It appears that the massive, almost decade-long, transfer of wealth to the rich known as ‘quantitative easing’ is coming to an end. Of the world’s four major central banks – the US federal reserve, the Bank of England, the European Central Bank and the Bank of Japan – two have already ended their policy of buying up financial assets (the Fed and the BoE) and the ECB plans to stop doing so in December. Indeed, the Fed is expected to start selling off the $3.5trillion of assets it purchased during three rounds of QE within the next two months.
Given that, judged by its official aims, QE has been a total failure, this makes perfect sense. QE, by ‘injecting’ money into the economy, was supposed to get banks lending again, boosting investment and driving up economic growth. But overall bank lending in fact fell following the introduction of QE in the UK, whilst lending to small and medium sized enterprises (SMEs) – responsible for 60% of employment – plummeted. As Laith Khalaf, a senior analyst at Hargreaves Lansdown, has noted: “Central banks have flooded the global economy with cheap money since the financial crisis, yet global growth is still in the doldrums, particularly in Europe and Japan, which have both seen colossal stimulus packages thrown at the problem.” Even Forbes admits that QE has “largely failed in reviving economic growth”.
This is, or should be, unsurprising. QE was always bound to fail in terms of its stated aims, because the reason banks were not funnelling money into productive investment was not because they were short of cash – on the contrary, by 2013, well before the final rounds of QE, UK corporations were sitting on almost£1/2trillion of cash reserves – but rather because the global economy was (and is) in a deep overproduction crisis. Put simply, markets were (and are) glutted and there is no point investing in producing for glutted markets.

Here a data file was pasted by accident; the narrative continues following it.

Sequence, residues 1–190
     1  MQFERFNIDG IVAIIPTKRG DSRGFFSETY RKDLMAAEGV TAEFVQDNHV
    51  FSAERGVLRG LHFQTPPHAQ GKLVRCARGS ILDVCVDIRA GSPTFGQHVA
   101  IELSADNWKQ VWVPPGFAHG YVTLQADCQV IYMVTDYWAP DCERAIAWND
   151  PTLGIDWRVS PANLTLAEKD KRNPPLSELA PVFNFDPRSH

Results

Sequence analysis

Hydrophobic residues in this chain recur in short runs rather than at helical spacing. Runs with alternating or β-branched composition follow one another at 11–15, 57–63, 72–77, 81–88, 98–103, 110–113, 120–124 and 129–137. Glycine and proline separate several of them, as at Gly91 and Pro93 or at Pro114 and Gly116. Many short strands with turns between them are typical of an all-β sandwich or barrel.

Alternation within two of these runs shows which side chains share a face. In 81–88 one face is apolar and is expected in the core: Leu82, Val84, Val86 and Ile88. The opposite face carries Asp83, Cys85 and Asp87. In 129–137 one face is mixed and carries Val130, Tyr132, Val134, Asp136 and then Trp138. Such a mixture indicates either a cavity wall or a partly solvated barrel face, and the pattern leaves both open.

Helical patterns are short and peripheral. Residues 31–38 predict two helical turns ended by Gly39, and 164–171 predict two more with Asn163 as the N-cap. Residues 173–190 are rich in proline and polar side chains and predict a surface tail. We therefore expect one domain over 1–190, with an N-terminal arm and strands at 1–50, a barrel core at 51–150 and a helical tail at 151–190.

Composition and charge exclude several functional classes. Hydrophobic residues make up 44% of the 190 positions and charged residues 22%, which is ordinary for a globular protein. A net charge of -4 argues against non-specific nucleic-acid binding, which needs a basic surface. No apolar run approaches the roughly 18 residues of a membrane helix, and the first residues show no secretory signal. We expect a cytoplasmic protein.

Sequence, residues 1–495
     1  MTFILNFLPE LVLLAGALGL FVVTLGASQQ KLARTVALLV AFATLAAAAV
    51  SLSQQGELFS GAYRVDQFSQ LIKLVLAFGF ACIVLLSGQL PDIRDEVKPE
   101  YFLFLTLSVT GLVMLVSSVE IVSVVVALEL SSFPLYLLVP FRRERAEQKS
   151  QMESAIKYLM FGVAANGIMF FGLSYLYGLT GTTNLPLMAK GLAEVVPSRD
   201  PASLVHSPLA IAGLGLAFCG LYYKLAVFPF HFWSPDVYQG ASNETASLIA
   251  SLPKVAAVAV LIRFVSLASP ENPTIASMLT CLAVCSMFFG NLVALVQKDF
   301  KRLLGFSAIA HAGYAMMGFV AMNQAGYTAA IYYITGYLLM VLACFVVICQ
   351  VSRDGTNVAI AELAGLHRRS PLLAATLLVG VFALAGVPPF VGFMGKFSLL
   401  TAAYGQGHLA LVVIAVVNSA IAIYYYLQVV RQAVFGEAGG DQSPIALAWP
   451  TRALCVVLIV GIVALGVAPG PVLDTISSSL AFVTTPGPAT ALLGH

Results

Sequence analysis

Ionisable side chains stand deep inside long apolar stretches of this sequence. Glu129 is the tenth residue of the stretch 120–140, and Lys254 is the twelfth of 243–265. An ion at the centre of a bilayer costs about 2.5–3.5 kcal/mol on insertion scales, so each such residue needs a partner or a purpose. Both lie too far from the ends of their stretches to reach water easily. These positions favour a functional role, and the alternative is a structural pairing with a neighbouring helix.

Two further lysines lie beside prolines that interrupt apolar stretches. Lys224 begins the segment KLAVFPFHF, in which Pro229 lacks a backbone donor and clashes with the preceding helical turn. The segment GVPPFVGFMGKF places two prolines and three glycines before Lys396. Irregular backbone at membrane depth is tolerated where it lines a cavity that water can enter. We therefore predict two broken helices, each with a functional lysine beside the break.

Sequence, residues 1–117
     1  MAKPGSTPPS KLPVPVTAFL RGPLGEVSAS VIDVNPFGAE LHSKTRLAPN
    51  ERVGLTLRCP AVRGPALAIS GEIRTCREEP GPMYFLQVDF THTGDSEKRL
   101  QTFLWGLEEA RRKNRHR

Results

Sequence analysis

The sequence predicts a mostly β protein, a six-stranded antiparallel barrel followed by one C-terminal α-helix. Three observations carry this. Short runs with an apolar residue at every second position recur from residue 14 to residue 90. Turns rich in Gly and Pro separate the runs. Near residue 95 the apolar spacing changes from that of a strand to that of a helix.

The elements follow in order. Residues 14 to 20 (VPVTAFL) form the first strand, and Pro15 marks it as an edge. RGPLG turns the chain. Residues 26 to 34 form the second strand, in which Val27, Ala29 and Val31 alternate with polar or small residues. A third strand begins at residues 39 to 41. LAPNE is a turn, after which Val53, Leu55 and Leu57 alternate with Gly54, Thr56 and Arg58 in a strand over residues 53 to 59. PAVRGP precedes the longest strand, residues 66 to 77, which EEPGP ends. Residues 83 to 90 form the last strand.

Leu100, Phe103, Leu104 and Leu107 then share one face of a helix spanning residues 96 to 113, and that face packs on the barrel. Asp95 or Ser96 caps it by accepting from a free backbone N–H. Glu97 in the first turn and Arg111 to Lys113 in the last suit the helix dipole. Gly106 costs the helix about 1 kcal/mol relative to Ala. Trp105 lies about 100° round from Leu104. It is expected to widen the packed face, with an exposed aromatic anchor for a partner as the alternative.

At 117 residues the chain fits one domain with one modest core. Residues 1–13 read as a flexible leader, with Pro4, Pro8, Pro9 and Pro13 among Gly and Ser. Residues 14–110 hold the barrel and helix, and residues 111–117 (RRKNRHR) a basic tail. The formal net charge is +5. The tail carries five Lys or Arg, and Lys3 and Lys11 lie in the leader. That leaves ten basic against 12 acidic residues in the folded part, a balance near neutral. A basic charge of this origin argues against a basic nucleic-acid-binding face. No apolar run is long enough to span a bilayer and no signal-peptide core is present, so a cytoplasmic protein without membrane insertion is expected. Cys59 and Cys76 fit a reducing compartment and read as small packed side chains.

This meant that the new money created by QE and ‘injected’ into financial institutions such as pension funds and insurance companies was not invested into productive industry, but rather went into stock markets and real estate, driving up prices of shares and houses, but generating nothing in terms of real wealth or employment.
Holders of assets such as stocks and houses, therefore, have done very well out of QE, which has increased the wealth of the richest 5% of the UK population by an average of £128,000 per head.
How can this be? Where does this additional wealth come from? After all, whilst money – contrary to Tory sloganeering – can indeed be created ‘out of thin air’, which is precisely what QE has done, real wealth cannot. And QE has not produced any real wealth. Yet the richest 5% now have an extra £128,000 to spend on yachts, mansions, diamonds, caviar and so on – so where has it come from?